Objective To examine whether the outcome of cystectomy for invasive transitional cell carcinoma (TCC) of the bladder was influenced by the type of disease at initial presentation.
Patients and methods The charts of 76 patients treated for TCC by radical cystectomy from 1987 to 1997 in our unit were reviewed. The patients were divided into three groups: group 1 comprised 43 patients with primary invasive disease; group 2 included 12 patients with progression of an initial superficial bladder tumour after failure of conservative treatment; and group 3 comprised 21 patients who had a radical cystectomy for superficial TCC, with a high risk of progression after attempts at conservative treatment. The pathological findings on transurethral resection and cystectomy specimens, cancer-specific survival and the time to progression were compared among the three groups.
Results The rate of pT0 in cystectomy specimens was 16%, 41% and 24% in groups 1, 2 and 3, respectively. Under-staging occurred in 24% of cases in group 3. The 10-year cancer-specific survival rates were 48%, 47% and 82% in groups 1, 2 and 3, respectively. The cancer-specific survival rate and progression rate were not significantly different between groups 1 and 2, but were significantly lower/higher in these patients than in group 3 (P < 0.01).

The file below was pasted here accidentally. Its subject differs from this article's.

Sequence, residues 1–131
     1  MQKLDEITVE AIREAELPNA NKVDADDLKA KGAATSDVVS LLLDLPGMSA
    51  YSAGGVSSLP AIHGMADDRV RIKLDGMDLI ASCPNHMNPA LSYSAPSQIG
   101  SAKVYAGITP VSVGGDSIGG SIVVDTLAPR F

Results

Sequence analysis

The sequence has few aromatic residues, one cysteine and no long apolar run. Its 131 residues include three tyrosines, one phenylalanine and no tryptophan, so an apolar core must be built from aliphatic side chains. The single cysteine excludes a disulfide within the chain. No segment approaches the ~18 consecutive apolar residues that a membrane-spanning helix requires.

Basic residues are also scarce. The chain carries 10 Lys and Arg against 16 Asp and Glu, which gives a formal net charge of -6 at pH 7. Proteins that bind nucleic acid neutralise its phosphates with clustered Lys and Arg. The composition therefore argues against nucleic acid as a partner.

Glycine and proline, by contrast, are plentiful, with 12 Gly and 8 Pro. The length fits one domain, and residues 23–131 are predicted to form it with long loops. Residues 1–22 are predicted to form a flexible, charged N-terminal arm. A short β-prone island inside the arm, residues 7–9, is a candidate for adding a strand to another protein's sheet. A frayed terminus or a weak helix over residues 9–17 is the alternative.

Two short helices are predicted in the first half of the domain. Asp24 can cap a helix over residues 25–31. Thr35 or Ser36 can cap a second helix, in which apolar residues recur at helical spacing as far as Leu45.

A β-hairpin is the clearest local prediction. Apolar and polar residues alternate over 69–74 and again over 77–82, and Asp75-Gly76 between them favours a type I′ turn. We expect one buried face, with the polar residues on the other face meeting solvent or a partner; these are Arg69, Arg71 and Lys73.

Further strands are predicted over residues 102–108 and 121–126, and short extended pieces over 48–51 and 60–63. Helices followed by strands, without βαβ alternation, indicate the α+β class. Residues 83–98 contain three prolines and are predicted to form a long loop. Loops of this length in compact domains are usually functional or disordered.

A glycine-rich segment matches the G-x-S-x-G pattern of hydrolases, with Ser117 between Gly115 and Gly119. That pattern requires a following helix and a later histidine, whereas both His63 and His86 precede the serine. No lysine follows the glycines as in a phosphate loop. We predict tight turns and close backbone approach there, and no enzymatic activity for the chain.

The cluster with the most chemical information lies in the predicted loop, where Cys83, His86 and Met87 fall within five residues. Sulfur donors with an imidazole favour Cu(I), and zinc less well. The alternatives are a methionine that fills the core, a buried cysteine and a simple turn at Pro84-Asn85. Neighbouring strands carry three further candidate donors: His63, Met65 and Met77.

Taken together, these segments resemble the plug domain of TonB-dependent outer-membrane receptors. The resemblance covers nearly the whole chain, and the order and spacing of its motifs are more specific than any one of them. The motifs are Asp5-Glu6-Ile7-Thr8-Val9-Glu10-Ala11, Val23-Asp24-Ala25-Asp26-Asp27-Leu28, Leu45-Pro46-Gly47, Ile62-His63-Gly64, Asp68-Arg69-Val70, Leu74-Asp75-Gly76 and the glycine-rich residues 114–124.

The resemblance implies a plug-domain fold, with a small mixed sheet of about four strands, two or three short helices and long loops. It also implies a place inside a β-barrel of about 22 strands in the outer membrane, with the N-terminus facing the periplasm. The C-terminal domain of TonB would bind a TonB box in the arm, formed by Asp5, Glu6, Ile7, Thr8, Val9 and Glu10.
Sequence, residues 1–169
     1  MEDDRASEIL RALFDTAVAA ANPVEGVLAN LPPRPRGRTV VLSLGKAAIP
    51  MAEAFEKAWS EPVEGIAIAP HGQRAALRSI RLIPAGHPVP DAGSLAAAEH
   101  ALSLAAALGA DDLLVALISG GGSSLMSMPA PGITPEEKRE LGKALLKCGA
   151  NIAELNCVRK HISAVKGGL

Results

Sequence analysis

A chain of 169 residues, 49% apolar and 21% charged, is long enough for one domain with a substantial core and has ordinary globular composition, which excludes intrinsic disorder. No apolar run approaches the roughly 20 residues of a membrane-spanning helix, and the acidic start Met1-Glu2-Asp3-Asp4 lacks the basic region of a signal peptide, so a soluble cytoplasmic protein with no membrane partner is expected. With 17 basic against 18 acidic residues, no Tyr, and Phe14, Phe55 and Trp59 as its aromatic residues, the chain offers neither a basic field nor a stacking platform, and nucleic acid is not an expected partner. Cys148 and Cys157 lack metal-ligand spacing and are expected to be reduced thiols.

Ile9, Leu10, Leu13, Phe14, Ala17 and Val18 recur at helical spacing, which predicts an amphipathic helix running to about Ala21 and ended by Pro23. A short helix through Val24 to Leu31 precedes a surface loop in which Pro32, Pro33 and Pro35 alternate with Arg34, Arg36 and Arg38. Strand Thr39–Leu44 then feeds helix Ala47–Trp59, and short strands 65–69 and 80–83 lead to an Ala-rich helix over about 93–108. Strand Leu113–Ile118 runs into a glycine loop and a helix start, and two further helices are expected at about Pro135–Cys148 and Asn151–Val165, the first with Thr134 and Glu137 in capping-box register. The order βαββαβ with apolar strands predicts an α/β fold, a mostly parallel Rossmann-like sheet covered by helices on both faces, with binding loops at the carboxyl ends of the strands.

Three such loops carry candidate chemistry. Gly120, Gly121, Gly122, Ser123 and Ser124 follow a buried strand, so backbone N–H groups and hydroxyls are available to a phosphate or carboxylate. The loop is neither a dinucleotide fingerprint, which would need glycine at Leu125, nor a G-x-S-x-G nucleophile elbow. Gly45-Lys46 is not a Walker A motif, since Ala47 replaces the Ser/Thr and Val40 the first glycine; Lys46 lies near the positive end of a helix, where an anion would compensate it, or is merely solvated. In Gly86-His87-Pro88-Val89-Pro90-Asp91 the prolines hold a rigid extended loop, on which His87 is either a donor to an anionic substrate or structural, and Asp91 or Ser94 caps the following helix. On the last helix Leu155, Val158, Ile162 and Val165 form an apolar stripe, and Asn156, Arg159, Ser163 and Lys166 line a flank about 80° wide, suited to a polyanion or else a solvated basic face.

Conclusions These data suggest that the prognosis of superficial TCC which progresses despite conservative management is no better than that of invasive TCC at initial presentation, despite the closer follow-up received by the former patients. Early identification of this group of patients may improve the cancer-specific survival, as early cystectomy for high-risk superficial TCC yields better results.